Food and Culture Facts

Food & Culture deals with how we perceive food in our daily lives and how it can affect us in both positive and negative ways.

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Aspic might not be the most crave-worthy of culinary creations, but it does inspire a sort of cultlike devotion among ardent supporters.

By Katy Spratte Joyce

Tired of cooking every meal at home every day? We get it. And are here with ways to make dinnertime simple again.

By Sharise Cunningham

These steaks are touted as some of the best you can buy. They're expensive — and huge. But are they worth the high price tag?

By Muriel Vega

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It's slimy, stringy and even quite pungent, but natto is also chock full of nutrients. So what is this superfood that's been a staple in Japan for thousands of years?

By Stephanie Vermillion

Food writer Calvin Trillin once estimated that 80 percent of boudin bought in Louisiana doesn't make it home — it's eaten right in the parking lot. Why are people so passionate about this sausage?

By Caroline Eubanks

These two Italian cheeses may look similar on the outside. But it's what's revealed on the inside that makes them so deliciously different.

By Stephanie Vermillion

Graham crackers were invented by Presbyterian minister Sylvester Graham as part of a radical 19th century diet. His goal? To curb joy and desire.

By Patty Rasmussen

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Latkes are potato pancakes that are commonly eaten during Hanukkah. What's behind this delicious Jewish tradition?

By Stephanie Vermillion

The national dish of Scotland (popular at New Year's Eve and Burns Night) is banned in America because it contains a certain outlawed ingredient. But whose idea was it to stuff a sheep's stomach bag and boil it? And what does it taste like?

By Alia Hoyt

Men at Work sang about the stuff in their 1981 hit 'Down Under.' But what is this thick, black spread anyway?

By Stephanie Vermillion

Not selling the cult-favorite sandwich year-round is all part of the "McPlan." And it seems to be working just fine.

By Jeremy Glass

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We usually equate the Masters golf tournament with azaleas blooming in the South. But this year, the tournament got us thinking about that pimento cheese sandwich, which it's also famous for.

By Stephanie Vermillion

What does it take to be a chief noodle officer? Top Ramen is hiring its first ever in honor of its 50th anniversary.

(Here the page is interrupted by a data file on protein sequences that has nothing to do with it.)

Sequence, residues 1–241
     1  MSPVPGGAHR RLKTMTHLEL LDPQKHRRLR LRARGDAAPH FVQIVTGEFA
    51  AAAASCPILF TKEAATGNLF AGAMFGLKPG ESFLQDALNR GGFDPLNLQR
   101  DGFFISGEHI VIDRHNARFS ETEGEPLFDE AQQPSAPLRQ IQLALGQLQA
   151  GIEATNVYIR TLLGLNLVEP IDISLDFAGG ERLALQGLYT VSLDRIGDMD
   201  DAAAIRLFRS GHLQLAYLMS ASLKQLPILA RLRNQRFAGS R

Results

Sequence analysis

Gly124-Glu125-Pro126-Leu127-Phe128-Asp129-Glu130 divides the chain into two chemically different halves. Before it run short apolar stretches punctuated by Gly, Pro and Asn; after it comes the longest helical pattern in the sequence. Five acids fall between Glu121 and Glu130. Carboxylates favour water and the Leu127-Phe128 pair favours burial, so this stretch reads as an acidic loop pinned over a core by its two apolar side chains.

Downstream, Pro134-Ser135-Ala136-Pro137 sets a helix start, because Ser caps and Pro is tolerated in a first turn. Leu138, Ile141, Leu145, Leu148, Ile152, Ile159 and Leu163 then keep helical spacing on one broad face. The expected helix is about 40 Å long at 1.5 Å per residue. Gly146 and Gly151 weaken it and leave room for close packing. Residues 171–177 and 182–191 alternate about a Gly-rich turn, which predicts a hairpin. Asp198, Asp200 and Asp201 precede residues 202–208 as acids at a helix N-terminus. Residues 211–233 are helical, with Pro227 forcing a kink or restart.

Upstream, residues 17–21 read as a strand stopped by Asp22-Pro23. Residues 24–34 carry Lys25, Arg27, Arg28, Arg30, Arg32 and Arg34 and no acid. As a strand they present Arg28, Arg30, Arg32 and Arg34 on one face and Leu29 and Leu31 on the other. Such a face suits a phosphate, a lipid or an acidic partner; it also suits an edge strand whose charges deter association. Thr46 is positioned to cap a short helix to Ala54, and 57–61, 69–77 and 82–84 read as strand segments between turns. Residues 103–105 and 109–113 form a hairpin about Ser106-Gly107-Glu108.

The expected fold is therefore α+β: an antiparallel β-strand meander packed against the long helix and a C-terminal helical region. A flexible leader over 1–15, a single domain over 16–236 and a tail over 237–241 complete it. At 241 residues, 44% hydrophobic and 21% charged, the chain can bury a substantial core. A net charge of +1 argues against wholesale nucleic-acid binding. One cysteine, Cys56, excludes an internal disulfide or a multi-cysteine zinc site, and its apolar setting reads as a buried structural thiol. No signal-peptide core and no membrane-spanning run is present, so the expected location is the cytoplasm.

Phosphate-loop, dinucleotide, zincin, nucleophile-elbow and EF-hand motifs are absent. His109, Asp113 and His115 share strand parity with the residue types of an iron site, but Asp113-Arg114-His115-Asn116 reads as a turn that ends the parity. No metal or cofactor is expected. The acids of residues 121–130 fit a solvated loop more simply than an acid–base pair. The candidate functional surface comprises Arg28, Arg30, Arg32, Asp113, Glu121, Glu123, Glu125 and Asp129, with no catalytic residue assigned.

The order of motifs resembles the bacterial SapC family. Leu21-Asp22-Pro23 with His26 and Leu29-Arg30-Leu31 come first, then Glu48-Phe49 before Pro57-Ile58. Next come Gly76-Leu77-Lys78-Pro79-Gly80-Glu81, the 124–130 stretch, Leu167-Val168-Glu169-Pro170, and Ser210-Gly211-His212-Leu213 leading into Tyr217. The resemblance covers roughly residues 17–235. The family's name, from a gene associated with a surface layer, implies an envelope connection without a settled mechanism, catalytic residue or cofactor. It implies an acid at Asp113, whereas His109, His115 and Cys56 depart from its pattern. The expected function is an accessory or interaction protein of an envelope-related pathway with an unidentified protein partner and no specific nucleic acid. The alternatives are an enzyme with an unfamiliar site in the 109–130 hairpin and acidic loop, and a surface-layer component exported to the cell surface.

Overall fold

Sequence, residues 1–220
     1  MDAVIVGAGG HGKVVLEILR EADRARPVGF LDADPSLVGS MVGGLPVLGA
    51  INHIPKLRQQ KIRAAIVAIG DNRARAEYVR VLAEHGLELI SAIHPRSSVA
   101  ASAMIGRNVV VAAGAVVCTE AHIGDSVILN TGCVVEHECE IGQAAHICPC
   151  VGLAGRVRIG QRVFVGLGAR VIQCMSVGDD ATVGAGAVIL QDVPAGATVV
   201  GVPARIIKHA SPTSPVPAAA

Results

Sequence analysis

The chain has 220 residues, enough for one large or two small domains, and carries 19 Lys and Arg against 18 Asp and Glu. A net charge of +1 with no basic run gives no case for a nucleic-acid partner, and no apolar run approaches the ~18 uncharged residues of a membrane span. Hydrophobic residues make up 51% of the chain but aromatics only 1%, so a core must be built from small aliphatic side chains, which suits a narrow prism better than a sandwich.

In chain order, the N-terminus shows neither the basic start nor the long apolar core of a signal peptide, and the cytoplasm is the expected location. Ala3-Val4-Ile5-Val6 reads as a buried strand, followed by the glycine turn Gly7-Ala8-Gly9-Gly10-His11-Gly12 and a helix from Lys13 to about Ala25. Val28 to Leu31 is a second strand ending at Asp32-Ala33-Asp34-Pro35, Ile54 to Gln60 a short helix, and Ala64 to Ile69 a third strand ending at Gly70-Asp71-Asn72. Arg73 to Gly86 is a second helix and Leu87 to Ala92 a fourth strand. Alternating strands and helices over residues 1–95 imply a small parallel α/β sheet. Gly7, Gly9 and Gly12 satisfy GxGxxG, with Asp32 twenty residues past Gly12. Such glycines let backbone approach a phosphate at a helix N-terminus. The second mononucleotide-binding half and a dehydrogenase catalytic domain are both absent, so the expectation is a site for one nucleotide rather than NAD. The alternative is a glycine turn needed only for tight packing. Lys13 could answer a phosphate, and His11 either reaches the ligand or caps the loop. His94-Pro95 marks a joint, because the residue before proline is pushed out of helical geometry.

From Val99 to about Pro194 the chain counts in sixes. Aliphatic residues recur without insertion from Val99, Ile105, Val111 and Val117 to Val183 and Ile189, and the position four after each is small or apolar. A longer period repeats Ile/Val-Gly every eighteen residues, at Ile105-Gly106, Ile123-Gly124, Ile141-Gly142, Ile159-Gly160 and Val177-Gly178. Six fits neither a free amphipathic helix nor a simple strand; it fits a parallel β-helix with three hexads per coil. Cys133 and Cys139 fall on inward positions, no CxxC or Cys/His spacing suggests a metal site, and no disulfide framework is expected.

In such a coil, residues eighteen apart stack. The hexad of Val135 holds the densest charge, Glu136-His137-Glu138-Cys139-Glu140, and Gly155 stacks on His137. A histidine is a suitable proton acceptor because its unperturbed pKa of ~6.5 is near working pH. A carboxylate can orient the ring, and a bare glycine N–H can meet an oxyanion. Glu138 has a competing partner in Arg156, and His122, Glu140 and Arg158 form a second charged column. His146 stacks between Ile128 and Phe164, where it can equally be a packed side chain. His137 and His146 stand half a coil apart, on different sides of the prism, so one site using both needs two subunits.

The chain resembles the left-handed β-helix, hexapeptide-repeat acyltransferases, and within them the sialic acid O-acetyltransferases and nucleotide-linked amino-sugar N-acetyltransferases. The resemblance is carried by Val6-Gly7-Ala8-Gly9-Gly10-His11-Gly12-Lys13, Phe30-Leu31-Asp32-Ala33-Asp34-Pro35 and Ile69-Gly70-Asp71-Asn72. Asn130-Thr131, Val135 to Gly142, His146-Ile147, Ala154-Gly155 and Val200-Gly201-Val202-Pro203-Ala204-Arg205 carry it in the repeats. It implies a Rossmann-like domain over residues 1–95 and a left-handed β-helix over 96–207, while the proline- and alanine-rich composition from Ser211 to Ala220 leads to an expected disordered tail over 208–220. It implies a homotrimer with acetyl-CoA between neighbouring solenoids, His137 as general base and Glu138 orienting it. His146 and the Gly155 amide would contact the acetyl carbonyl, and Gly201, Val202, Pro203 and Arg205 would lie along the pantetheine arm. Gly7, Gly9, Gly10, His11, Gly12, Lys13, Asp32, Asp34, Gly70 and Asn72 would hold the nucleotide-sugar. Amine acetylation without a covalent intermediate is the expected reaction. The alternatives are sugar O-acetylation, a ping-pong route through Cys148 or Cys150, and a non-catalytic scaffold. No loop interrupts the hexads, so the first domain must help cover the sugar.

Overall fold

By Jeremy Glass

Canada isn't a country known for its cuisine. But there is one sandwich from Halifax with a cultlike following that you just have to try to believe.

By Jeremy Glass

This iconic cereal has a long and fun history. For instance, its original name wasn't even Cheerios.

By Jeremy Glass

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Size is the most obvious difference between king and snow crab, but the distinctions don't end there. We'll tell you what makes each crab special.

By Stephanie Vermillion

In the 18th century, gin was considered as addictive as crack. Then it became part of a cure-all for tropical ailments. Oh, and let's not forget its starring role in Prohibition. Bathtub gin, anyone?

By Dave Roos

Since its introduction in 15th-century Yemen, Turkish coffee has served as a cultural touchstone in Middle Eastern, Eastern European and north African countries, its brewing infused with magic and myth.

By Katie Carman

Food banks normally help feed people during times of need. But the coronavirus pandemic has sent that need soaring to unprecedented levels in the United States.

By Stephanie Vermillion

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There was a day, not so long ago, when you ate pistachios with the understanding that you'd come away with red fingers and a red mouth. What happened to the red pistachio?

By Jeremy Glass

Chopsticks have been in use since 1200 B.C.E. And today more than 20 percent of the world's population uses chopsticks as its primary utensil.

By Stephanie Vermillion

King cake is as much a staple of Mardi Gras as the parades and beads. But what's the story of this brightly colored cake? And why is there a plastic baby baked inside?

By Jeremy Glass

Mochi is a super-chewy traditional Japanese delicacy, made from mochigome, a short-grain glutinous rice.

By Michelle Konstantinovsky

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At first glance, balut, which is a cooked, fertilized duck egg, might look unappetizing. But it's a favorite snack in Southeast Asia, and has been for centuries.

By Jeremy Glass

Truffles are prized the world over for their pungent, earthy flavor, but what's so special about them, and why is the truffle trade so cutthroat and secretive?

By Michelle Konstantinovsky